IF THE JUSTIFICATION exists in social theory or constitutional law for busing a black child miles away from his racially integrated neighborhood public school to attend a virtually all-black schoo somewhere else, we haven't heard it. Well, let us amend that remark: We haven't heard it since the long-gone defenders of pre-1954-style formal racial segregation in the schools sought to explain how it was that they were transpoting black children every which way and as far as it was necessary to go to make sure that they didn't sit in classrooms with white children. But it was not in the name of segregating schools, but rather of desegregating them that the practice began to recur recently in Prince George's County. And that -- along with a number of other grotesque effects -- was what prompted the Prince George's school board chairman, Norman H. Saunders, and the president of the local NAACP, William Martin, to agree to a halt to certain kinds of busing. If their understanding, as it is called, holds, it will represent one of the rare and notable moments in our modern public life when good sense prevailed over rigid dogma.
That will strike you as a pretty cynical observation. But only consider how our contemporary landscape is strewn with the wreckage of social policies and programs that were generous in theory and even right for a particular problem at a particular time, but which 1) became cruel or stupid in their impact as conditions changed, and yet 2) could not, for reasons of political face-saving or bureaucratic lethargy, be changed themselves. What has changed in Prince George's since the desegregation plan went into effect in January 1973 is not just the attitude of many of the county's once combative residents, black and white, but also the demography of the area. The black population has gone up dramatically in many formerly all-white neighborhoods. There has been a considerable degree of "white flight." One result is the busing of black kids from now-intergrated neighborhoods to now-segregated schools. This is part of the new reality to which people like Mr. Martin and Mr. Saunders are seeking to adjust the county's school-integration program.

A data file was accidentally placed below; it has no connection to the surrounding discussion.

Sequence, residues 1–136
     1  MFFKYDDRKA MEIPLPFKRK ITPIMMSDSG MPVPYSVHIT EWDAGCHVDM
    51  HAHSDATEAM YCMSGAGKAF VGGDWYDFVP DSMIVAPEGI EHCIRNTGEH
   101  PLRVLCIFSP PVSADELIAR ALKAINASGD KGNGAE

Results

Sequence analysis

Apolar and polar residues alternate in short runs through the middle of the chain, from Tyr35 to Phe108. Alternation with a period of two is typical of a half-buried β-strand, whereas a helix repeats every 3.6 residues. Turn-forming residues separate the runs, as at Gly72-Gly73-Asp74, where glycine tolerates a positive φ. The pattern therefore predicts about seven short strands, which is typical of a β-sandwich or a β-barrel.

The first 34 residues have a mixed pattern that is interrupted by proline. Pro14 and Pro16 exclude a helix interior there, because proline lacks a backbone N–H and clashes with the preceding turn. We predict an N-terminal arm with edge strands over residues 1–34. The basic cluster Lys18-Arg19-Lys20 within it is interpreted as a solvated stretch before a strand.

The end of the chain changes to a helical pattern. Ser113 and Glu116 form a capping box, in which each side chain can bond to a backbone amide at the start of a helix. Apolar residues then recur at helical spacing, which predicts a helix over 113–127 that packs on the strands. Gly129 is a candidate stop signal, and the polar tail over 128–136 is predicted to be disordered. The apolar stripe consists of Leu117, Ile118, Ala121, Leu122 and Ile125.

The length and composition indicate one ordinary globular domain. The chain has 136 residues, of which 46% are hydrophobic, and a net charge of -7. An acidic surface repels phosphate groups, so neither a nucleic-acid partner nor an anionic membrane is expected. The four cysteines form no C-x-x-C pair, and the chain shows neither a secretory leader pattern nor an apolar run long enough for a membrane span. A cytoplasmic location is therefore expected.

It should surprise no one that there already is and no doubt will continue to be deeply felt and very voluble resistance to any alteration along the lines of this new understanding. Prince George's came to its desegregation plan by about as prolonged and agonizing a process as could be imagined, moving from legally enforced pre-1954 segregation to administratively sustained segregation to tradition-sanctioned segregation. Only with great anguish and acrimony and after battles that are still vivid for many within the community did the school board and the county's political leadership finally yield to the inevitable federal intervention. Some people, among them many of Mr. Martin's NAACP colleagues, who fought that fight and who know how hard-won was the desegregation of Prince George's schools, will be inclined to yield nothing, change nothing. And the same will be true of many of those who resisted and who fear that any alteration of the plan will only open the way to new and disruptive suits.
But our sense of it is that resisters, black and white, will be making a big mistake. In fact, Prince George's protracted misery on this subject may be said to have proceeded in large part from the inability of its leaders to move beyond the rigidities of obsolete doctrine and overturned laws or to respond to dramatically changed social, racial and political conditions. And in that sense they may be said to have inadvertently invited the harsh federal court order and the upheaval that followed. It was a lesson in lost opportunities: The community passed up a chance to design its own desegregation plan. The county wouldn't act, so the courts and HEW did. Now Prince George's is lucky enough to have leaders in positions of authority who want to act in the opposite way, to respond in a timely and sensible fashion to the changes that are apparent for all to see. It will be a great pity and a great waste if other voices in the community reject this wise counsel.